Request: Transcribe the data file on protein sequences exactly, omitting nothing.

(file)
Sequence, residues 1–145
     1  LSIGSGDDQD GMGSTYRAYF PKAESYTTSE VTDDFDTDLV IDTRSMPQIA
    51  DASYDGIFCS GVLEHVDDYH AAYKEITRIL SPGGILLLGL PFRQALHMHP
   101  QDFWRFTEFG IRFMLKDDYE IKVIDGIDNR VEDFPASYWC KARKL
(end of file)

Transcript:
Sequence, residues 1–145
     1  LSIGSGDDQD GMGSTYRAYF PKAESYTTSE VTDDFDTDLV IDTRSMPQIA
    51  DASYDGIFCS GVLEHVDDYH AAYKEITRIL SPGGILLLGL PFRQALHMHP
   101  QDFWRFTEFG IRFMLKDDYE IKVIDGIDNR VEDFPASYWC KARKL